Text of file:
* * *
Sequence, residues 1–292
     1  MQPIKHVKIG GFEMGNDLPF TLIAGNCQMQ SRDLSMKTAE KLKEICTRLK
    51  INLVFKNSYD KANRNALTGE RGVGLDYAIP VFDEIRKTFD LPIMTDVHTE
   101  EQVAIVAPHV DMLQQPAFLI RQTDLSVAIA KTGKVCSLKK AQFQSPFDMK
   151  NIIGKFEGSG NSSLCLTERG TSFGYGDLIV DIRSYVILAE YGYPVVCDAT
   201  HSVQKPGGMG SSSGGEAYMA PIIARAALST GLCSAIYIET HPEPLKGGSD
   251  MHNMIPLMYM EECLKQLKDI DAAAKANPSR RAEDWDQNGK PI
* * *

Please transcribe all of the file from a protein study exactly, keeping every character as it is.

Sequence, residues 1–292
     1  MQPIKHVKIG GFEMGNDLPF TLIAGNCQMQ SRDLSMKTAE KLKEICTRLK
    51  INLVFKNSYD KANRNALTGE RGVGLDYAIP VFDEIRKTFD LPIMTDVHTE
   101  EQVAIVAPHV DMLQQPAFLI RQTDLSVAIA KTGKVCSLKK AQFQSPFDMK
   151  NIIGKFEGSG NSSLCLTERG TSFGYGDLIV DIRSYVILAE YGYPVVCDAT
   201  HSVQKPGGMG SSSGGEAYMA PIIARAALST GLCSAIYIET HPEPLKGGSD
   251  MHNMIPLMYM EECLKQLKDI DAAAKANPSR RAEDWDQNGK PI